just voted again)
Click here to vote everyday:

www.refresheverything.com
Vote for the most refreshing ideas to win Pepsi Refresh Project grants for Neighborhoods

Adoption needed

I was just sent a message that my Rolli is now up for adoption at Hi Tor Animal Shelter in Pomona, NY and I cannot have her so I am begging you that if you can give a home to my baby please do so- I will provide her food and chews forever but i am asthma allergic so i am unable to do anything else other than walks. PLEASE. At least pray for her.

If you know anybody or if you can repost this I would be so thankful.

http://www.hitor.org/pages/contact.html  the shelter has my info attached for her food.

If you read my early journal entries, you will remember my Rolli. The only thing the man had going for him was that he loved her. She should have been adopted out years ago when she was a puppy and easily adopted. This hurts unbelievably- for her and myself. (I wish awfully mean things to befall that useless man but not much worse can help make him suffer since he is homeless and unemployed and nobody cares. )

Spread the word please.

Do you shop online?
Try this
-or atleast sign up and we both get $5 rebate just from your sign up!
I like Ebates cuz I just go to their site first and they reopen the window giving me a % back from whatever I buy--just read their info!!
http://www.ebates.com/rf.do?referrerid=pOSnCj54Nmw9lAADITCXlg%3D%3D

The site is easy and I get a check every couple of months. I am having fun with it cuz I just check first before i purchase something . My New Balance sneakers this month came through them-no shipping charges and 2% back. The purchase was made through the Kohls site that I wanted to use.

Use the link I gave you to sign up so I at least get credit for it or I can email you an invite if you send me your email (remember, rose.amethyst at gmail dot com)
CHEYENNE
By Catherine Moore

'Watch out! You nearly broadsided that car!' My father yelled at me. 'Can't you do anything right?' Those words hurt worse than blows. I turned my head toward the elderly man in the seat beside me, daring me to challenge him. A lump rose in my throat as I averted my eyes. I wasn't prepared for another battle.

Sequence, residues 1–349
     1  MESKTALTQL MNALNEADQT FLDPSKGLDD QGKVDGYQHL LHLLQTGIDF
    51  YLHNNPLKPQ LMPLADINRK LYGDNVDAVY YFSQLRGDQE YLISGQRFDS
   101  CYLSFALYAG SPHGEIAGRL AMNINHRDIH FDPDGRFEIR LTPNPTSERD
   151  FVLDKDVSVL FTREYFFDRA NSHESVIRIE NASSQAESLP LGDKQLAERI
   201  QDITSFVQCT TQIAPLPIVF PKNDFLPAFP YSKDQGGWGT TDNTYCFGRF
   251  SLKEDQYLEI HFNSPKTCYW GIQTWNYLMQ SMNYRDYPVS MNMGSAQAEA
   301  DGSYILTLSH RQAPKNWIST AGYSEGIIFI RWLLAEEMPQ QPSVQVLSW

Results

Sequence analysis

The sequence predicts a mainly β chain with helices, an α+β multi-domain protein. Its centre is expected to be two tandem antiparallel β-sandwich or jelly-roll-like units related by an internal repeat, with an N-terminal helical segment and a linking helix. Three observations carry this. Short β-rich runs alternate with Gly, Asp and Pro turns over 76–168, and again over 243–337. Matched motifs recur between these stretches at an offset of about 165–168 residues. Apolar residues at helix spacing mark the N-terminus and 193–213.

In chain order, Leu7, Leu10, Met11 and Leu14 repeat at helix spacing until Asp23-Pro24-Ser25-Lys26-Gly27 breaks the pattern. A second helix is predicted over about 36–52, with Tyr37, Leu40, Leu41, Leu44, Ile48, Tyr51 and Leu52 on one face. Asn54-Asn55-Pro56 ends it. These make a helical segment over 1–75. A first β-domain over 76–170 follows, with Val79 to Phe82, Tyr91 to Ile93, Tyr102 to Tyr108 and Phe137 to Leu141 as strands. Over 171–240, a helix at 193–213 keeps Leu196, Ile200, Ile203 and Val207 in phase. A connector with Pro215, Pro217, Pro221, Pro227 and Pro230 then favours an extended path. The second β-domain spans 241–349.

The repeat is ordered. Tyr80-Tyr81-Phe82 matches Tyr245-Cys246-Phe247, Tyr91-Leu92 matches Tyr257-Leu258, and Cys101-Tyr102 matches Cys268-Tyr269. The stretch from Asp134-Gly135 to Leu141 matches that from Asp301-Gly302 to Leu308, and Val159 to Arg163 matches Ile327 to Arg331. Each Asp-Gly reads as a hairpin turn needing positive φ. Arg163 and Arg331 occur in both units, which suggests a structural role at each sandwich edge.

'I saw the car, Dad.. Please don't yell at me when I'm driving.' My voice was measured and steady, sounding far calmer than I really felt.

Dad glared at me, then, turned away and settled back. At home, I left Dad in front of the television and went outside to collect my thoughts. Dark, heavy clouds hung in the air with a promise of rain. The rumble of distant thunder seemed to echo my inner turmoil.

What could I do about him?

Dad had been a lumberjack in Washington and Oregon . He had enjoyed being outdoors and had reveled in pitting his strength against the forces of nature. He had entered grueling lumberjack competitions and had placed often. The shelves in his house were filled with trophies that attested to his prowess.

The years marched on relentlessly. The first time he couldn't lift a heavy log, he joked about it; but later that same day, I saw him outside alone, straining to lift it. He became irritable whenever anyone teased him about his advancing age or when he couldn't do something he had done as a younger man.